During the month of March, Alberta RCMP is sharing tips for residents in the name of fraud prevention.
According to a press release from Alberta RCMP, March is the Alberta Community Crime Prevention Association’s (ACCPA) fraud prevention month.
“Each year, the ACCPA hosts events for Albertans to learn more about the ways in which fraudulent activity impacts their communities,” stated a press release from Alberta RCMP. “However, due to the ongoing health pandemic, this year’s initiative will take place online.”
The release stated the ACCPA and other supporting organizations will be highlighting topics such as cyber crime, identity theft, phone scams and more over various social media channels. Albertans can follow the hashtag #FPM2021 to find additional fraud prevention information and resources.
According to Alberta RCMP, last year, its detachments investigated a total of 10,504 reports of fraud, with 915 cases in March 2020.
“Fraud prevention education is key to keeping you and your loved one’s finances and personal information safe,” the press release stated.
The RCMP stated fraud attempts often appear as legitimate banking or credit card services, customer service and even government agency services.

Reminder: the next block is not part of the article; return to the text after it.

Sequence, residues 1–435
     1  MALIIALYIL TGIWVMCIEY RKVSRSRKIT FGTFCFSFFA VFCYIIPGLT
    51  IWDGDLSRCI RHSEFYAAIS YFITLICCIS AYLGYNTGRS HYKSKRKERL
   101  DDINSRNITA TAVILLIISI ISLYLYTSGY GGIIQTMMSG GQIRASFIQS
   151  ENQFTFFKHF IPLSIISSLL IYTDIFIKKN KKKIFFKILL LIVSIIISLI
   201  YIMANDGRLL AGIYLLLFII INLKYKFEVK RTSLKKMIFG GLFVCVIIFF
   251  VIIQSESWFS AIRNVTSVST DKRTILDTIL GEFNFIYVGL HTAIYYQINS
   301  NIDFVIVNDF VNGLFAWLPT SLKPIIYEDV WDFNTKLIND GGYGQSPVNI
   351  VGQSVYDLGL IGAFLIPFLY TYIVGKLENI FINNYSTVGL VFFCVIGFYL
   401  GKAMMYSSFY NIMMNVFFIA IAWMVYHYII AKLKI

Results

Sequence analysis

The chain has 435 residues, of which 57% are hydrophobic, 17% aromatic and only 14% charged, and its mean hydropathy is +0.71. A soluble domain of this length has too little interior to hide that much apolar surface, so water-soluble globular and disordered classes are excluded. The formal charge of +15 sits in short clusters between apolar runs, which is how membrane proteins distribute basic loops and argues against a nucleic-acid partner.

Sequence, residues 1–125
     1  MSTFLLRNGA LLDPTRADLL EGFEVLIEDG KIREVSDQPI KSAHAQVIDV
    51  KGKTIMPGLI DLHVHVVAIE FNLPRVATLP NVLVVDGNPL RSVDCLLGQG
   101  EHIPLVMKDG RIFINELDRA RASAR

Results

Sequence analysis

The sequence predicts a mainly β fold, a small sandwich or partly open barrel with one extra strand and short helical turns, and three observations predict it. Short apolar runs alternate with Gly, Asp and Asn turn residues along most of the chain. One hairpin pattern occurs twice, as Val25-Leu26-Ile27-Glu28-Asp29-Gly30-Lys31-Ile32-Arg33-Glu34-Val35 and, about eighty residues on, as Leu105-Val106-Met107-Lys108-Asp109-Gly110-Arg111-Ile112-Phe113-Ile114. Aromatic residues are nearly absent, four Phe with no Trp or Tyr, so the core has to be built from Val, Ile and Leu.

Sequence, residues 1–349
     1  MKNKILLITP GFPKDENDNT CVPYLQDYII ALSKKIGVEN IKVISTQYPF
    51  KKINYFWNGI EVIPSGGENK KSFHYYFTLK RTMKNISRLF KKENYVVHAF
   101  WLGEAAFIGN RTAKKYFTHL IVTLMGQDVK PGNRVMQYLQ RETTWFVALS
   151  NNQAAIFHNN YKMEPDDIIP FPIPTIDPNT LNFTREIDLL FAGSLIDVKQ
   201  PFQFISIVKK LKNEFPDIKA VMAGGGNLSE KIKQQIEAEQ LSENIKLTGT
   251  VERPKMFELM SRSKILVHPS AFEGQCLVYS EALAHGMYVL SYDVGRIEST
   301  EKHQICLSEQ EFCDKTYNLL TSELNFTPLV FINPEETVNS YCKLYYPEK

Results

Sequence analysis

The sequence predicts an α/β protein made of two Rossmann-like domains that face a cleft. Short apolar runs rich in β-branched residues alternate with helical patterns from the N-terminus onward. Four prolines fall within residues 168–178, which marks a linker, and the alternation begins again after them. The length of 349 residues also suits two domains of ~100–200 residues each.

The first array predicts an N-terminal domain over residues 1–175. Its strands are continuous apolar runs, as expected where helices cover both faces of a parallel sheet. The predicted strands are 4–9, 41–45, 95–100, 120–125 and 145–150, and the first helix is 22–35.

“Posing as seemingly trustworthy sources, scams con victims into providing their personal and, in most cases, financial information,” the release stated. “Learning how to detect potential fraud is your best defence against falling victim to the crime.”
According to the release, there are five simple tips residents can use to spot a scam. Watching out for calls from unfamiliar area codes, requests made online or over the phone for immediate payments and requests for personal financial information via text or email are a few of the important tips being shared with Albertans.
In addition, the RCMP is urging residents to be wary of pre-recorded phone messages from banks or government agencies and to be cautious when handling cheques from unknown parties. The RCMP also stated that if you are unfamiliar with how cryptocurrencies work, they should be avoided.
“If you are unsure of whether or not you are being targeted by a scam, check with family or friends, or visit the Government of Canada’s website to learn about common scam-types and how to protect yourself against them.”
Those who have been the victim of a fraud should report it to their local law enforcement and to the Canadian Anti-Fraud Centre online at antifraudcenter.ca. Another way to report a fraud is to call 1-888-495-8501.
“Please contact your bank and credit card company if you believe your personal or financial information has been compromised,” the RCMP stated.